Atwood Machine


George Atwood, a mathematics tutor at Trinity College, Cambridge, described this type of instrument in 1784, explaining its use for verifying the laws of motion with constant acceleration. The Atwood machine soon became a common piece of classroom apparatus, suitable for teaching classical mechanics.

This example was used at the U.S. Military Academy. The “Fortin et Herrmann Genre à Paris” inscription refers to Adolphe and Émile Fortin-Herrmann, brothers who, in 1831, took over the shop of their grandfather, Nicholas Fortin, a leading scientific instrument maker in Paris.

Ref: George Atwood, A Treatise on the Rectilinear Motion and Rotation of Bodies, with a Description of Original Experiments Relative to the Subject (Cambridge, 1784).

Daniel Grand, “Notice Nécrologique sur Adolphe et Émile Fortin-Herrmann,” Mémoires et Compte-rendus de la Société des Ingénieurs Civils de France (1908): 692-700.

Maker: Fortin et Herrmann

Location: Currently not on view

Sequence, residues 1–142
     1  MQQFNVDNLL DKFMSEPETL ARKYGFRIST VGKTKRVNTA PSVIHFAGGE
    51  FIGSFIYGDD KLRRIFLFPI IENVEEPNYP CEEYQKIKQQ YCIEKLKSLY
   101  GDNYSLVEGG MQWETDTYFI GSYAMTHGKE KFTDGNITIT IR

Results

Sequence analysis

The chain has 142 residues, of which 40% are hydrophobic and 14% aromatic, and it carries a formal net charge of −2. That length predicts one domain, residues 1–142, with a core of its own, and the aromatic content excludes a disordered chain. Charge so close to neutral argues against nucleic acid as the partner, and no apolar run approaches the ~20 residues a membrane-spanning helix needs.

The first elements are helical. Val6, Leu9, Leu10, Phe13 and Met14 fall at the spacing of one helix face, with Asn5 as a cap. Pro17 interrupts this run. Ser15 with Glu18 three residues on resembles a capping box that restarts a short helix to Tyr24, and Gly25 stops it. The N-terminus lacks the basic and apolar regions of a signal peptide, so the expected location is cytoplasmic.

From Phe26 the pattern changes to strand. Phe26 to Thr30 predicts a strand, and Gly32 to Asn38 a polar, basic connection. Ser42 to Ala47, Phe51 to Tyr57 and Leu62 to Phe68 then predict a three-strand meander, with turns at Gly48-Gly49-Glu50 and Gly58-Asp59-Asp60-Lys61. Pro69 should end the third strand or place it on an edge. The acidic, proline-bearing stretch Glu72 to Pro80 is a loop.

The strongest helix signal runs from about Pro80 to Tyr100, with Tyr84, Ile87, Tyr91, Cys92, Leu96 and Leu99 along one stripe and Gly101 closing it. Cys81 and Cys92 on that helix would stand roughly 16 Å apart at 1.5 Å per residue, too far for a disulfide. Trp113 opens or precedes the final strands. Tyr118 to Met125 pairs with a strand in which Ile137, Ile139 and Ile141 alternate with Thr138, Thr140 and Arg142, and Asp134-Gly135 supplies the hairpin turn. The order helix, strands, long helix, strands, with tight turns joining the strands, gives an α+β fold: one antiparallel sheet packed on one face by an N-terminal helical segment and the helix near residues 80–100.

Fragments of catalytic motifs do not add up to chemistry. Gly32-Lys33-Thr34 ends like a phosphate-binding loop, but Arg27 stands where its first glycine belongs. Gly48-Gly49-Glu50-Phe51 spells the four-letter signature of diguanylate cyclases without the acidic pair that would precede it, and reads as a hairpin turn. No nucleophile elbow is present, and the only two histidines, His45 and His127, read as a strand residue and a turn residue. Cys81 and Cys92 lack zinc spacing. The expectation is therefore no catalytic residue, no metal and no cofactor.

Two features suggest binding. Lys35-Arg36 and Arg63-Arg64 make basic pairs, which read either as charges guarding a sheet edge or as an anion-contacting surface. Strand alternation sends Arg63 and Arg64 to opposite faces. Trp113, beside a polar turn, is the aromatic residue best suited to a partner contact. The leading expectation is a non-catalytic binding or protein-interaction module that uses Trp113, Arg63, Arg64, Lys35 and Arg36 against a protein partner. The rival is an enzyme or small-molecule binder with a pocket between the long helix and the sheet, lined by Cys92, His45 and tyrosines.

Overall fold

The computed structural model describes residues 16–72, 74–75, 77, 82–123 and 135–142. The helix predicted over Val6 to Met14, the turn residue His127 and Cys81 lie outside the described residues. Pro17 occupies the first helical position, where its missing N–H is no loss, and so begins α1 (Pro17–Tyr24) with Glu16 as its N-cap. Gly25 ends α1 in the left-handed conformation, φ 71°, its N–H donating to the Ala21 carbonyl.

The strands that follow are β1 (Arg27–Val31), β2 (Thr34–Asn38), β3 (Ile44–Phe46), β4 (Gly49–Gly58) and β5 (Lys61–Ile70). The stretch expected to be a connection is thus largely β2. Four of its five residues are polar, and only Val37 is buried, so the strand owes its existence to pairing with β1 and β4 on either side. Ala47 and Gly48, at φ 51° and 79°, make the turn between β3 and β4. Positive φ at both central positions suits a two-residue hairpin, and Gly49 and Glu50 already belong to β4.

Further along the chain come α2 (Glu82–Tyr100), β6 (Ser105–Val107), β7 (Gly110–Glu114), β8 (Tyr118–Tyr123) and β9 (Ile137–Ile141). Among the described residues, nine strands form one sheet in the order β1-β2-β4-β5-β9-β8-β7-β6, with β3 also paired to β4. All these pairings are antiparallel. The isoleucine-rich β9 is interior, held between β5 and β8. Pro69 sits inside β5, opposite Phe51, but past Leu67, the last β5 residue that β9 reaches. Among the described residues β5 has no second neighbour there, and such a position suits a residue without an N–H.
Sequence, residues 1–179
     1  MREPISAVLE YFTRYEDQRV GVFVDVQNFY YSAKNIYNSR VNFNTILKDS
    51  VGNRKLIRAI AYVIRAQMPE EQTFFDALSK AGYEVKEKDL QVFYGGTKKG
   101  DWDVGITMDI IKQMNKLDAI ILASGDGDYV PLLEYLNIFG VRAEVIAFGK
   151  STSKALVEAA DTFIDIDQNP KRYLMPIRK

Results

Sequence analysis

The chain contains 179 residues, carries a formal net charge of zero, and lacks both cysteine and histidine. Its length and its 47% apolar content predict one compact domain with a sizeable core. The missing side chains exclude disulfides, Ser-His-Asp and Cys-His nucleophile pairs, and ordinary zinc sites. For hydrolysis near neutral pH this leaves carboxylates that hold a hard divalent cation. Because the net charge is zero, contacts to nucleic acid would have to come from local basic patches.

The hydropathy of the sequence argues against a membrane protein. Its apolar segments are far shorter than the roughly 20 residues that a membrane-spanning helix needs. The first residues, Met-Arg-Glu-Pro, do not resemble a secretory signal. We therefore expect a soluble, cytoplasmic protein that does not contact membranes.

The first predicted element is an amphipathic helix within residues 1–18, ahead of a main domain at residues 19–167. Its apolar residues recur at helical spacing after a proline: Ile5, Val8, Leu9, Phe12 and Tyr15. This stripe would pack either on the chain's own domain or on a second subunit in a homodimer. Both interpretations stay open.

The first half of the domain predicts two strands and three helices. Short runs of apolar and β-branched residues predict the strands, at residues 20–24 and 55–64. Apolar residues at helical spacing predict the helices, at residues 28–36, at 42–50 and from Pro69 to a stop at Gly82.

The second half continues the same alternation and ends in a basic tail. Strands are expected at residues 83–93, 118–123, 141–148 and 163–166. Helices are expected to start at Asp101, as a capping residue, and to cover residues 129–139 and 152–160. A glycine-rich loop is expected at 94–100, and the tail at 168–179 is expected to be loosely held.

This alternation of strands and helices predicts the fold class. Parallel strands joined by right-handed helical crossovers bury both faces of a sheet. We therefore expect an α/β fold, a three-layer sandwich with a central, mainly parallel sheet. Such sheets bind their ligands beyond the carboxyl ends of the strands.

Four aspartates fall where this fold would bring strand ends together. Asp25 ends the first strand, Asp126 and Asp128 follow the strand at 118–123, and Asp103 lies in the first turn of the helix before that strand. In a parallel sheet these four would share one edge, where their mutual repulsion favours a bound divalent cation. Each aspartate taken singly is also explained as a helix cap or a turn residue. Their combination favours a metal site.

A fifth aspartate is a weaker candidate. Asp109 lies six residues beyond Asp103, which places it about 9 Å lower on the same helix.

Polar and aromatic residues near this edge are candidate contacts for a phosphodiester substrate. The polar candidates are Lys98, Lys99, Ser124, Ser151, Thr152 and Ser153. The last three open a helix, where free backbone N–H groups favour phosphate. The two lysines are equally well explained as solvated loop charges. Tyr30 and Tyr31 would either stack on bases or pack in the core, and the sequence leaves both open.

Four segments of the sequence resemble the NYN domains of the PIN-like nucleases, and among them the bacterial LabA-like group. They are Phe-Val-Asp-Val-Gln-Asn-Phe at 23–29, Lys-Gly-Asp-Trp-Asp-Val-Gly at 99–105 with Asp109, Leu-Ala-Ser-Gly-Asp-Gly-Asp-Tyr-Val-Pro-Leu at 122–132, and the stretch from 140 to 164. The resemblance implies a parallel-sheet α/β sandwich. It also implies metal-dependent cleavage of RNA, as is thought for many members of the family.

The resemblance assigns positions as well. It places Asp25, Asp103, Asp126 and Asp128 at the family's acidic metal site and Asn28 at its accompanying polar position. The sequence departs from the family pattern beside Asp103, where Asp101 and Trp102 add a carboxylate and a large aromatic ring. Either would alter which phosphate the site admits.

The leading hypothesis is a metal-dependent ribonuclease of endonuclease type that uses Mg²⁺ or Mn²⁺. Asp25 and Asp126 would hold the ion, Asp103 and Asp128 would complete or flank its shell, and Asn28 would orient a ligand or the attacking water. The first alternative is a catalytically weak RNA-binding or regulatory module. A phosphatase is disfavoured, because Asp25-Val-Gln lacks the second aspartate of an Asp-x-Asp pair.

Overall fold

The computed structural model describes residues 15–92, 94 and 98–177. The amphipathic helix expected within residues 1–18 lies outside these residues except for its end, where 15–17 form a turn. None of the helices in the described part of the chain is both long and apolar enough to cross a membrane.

Place Made: France: Île-de-France, Paris

Subject: Science & Scientific Instruments


See more items in: Medicine and Science: Physical Sciences


Exhibition Location:

Credit Line: U.S. Military Academy

Data Source: National Museum of American History

Id Number: PH.315758Catalog Number: 315758Accession Number: 217544

Object Name: Atwood Machine

Measurements: overall (object): 98 1/2 in x 25 3/4 in x 25 3/4 in; 250.19 cm x 65.405 cm x 65.405 cmoverall (in case): 112 in x 35 in x 35 in; 284.48 cm x 88.9 cm x 88.9 cm


Record Id: nmah_1865665

Our collection database is a work in progress. We may update this record based on further research and review. Learn more about our approach to sharing our collection online.

If you would like to know how you can use content on this page, see the Smithsonian's Terms of Use. If you need to request an image for publication or other use, please visit Rights and Reproductions.